Caroline Dufy

Barter was a prominent issue in public debate during the 1990s in Russia: it prompted a more overall reflection on the nature of the Russian economy and the aim pursued by economic reforms. These major issues shaped a number of divisions: the government opposition portrayed barter as one of the pernicious effects of economic policies that gave priority to finance to the detriment of the national productive sphere. For others, it was to be interpreted as the legacy of the Soviet industrial sector and its lack of competitiveness. The ruble crisis in 1998 paved the way for a reverse trend leading to the sudden decline of barter. Unlike the initial growth phase, the decrease in barter gave rise to little comment. Yet these two colliding changes provide an opportunity to review the relevance of the various interpretations offered. Furthermore, the effort to recontextualizing barter in an historic perspective provides keys to understanding the immense changes that occurred in Russia in the 1990s. The statistical indicator of barter will serve as a basis to formulate a central question: how should this swift decline of barter, offer a long, sustained increase, be interpreted: is it an adaptation in trade behavior to the new economic conditions or the effect of more restrictive legal standards? In the latter case, does this official decrease mask economic practices that are moving toward the informal sector? To understand the barter trade requires looking beyond stylized facts. By nature, statistics tend to objectify multifaceted phenomena. Our analysis fits within the anthropology of economic exchanges, striving to reconstitute the dynamic and subjective dimension that the actors’ practices and discourses give to barter. From this standpoint, we show that barter is the product of constant interactions between legal processes, economic context and socio-cultural context. The statistical decline of the barter indicator in that case seems to be one of the visible effects of deep-seated changes that have marked the new working environment for Russian business.

Sébastien Colin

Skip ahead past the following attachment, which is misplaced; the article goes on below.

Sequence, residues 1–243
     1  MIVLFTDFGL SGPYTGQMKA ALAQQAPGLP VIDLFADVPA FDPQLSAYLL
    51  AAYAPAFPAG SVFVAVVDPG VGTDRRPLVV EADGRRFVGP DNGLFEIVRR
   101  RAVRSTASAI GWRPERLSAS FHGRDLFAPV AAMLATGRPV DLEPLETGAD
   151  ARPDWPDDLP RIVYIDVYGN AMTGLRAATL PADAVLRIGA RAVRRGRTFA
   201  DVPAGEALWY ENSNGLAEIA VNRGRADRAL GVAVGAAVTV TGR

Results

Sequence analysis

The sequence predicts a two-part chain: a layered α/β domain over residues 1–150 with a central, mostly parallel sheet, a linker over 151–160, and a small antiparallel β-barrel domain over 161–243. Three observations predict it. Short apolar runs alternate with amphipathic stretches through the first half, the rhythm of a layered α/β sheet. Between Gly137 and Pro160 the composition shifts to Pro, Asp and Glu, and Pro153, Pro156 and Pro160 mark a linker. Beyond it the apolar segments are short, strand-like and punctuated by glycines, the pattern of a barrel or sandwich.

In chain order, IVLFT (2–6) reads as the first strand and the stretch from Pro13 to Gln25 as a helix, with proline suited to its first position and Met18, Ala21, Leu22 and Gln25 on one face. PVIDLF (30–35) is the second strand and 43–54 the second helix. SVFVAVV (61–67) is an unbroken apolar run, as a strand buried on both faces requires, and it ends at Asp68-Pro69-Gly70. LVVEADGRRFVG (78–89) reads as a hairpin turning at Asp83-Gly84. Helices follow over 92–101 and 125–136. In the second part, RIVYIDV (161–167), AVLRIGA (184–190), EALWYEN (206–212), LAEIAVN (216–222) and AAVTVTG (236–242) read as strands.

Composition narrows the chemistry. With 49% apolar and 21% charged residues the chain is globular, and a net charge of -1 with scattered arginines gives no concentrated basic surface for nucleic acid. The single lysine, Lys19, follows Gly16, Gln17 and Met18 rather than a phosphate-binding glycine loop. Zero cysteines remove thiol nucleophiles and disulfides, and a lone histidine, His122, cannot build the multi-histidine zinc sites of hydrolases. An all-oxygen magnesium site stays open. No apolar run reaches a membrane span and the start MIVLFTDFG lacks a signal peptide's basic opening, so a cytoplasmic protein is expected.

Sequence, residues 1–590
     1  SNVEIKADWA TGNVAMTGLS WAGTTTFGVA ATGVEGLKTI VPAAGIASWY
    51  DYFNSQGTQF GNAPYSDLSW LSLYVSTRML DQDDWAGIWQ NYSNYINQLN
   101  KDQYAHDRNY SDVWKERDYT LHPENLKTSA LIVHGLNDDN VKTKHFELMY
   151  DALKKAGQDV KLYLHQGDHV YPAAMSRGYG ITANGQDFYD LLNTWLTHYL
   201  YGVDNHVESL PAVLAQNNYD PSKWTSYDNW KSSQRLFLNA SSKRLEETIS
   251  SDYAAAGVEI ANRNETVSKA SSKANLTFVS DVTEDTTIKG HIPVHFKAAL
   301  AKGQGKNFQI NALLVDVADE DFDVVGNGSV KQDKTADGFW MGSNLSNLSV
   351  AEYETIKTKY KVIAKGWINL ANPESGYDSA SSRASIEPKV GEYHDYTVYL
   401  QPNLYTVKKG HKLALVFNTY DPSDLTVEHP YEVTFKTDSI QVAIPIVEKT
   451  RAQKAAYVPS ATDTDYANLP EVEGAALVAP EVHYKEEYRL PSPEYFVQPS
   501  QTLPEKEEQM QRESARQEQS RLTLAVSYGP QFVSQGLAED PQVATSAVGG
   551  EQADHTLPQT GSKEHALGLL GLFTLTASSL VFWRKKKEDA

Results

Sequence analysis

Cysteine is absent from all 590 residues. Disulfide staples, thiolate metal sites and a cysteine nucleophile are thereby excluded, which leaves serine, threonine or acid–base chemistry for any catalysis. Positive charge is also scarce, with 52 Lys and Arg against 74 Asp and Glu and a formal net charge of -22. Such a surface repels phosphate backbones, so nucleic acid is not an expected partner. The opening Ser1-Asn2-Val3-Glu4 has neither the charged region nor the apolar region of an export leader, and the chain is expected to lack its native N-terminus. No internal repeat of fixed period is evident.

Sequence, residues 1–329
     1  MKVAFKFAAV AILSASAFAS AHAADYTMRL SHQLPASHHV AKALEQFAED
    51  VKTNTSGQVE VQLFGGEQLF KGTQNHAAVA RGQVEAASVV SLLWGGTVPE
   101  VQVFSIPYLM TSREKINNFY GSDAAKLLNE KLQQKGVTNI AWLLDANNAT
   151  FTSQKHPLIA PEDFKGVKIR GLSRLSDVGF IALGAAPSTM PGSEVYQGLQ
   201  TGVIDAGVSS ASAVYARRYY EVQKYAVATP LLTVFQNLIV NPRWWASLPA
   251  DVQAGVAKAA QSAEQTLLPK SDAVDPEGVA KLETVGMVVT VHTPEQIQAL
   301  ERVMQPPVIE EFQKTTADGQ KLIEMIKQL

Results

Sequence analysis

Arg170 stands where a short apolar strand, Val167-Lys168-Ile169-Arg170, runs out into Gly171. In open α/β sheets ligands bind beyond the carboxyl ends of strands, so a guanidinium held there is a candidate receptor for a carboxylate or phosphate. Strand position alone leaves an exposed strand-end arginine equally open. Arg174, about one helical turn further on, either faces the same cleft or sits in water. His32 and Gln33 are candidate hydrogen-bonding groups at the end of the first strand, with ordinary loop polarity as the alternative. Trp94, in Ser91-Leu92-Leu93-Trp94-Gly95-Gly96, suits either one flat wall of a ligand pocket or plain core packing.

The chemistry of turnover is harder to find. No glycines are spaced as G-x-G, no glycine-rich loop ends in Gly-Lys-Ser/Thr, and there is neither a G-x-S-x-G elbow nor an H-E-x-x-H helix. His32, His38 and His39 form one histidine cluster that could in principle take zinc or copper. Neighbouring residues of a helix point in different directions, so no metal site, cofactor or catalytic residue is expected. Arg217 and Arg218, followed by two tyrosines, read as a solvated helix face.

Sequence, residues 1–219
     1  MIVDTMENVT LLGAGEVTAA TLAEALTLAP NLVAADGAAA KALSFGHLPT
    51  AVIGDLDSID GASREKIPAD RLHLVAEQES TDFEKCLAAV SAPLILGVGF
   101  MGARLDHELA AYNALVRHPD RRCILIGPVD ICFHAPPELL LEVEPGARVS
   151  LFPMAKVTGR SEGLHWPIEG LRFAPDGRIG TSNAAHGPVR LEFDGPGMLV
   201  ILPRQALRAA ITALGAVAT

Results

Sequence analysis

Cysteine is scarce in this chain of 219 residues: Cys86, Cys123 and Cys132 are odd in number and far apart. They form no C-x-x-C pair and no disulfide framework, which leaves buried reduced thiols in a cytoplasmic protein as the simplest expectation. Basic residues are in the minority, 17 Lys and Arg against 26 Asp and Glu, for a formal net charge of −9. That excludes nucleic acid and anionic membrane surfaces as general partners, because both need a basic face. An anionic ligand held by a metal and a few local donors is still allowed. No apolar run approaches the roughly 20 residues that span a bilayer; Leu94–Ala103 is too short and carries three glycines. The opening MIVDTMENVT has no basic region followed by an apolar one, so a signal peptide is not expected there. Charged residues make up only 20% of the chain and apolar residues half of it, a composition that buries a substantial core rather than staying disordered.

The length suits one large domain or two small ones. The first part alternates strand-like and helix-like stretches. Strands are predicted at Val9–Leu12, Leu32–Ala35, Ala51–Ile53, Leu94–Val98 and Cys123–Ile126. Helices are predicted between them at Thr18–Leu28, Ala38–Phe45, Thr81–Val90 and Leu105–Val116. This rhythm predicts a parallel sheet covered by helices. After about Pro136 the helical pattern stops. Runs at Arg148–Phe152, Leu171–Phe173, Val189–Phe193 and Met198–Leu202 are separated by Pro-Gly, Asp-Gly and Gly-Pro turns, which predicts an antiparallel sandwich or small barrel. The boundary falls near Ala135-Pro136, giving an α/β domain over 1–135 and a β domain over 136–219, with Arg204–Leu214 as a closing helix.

Since the resumption of talks between China and Russia – still the Soviet Union when this occurred in the mid- 1980s, relations between the two countries have been particularly dynamic. On the international level, the two countries in fact share the same viewpoint on a number of issues. These mutual concerns led to the signing of a strategic partnership in 1997, then a new treaty of friendship in 2001. The complementarity between the two countries in the energy and arms sectors also stimulates cooperation. However, this alliance is not without its limits. The United States, its primary target, can easily short-circuit it, as it did just after the September 11, 2001 attacks. In the field of cooperation, the intensity and structure of trade between the two countries are both inadequate. The rise in trade during the 1990s was very uneven and marked by a drop between 1994 and 1996. The main causes of this are situated at the local echelon along the Chinese-Russian border. After the dynamism characteristic of the 1988-1993 period, the opening of the border triggered new problems, such as illegal Chinese immigration in the little-inhabited border zones of Russia. Although this trend caused friction among the local Russian population, it was mainly the retrocession of certain Russian territories to China when the border was demarcated between 1993 and 1997 that radicalized the inhabitants, paralyzing border cooperation. The Russian and Chinese government played an active role in attempting to resolve most of these disputes, as the Tumen program illustrated. Since then, the various authorities in the two countries have tried to revitalize border cooperation, but a number of problems remain that are mainly economic in nature and vary depending on the border region.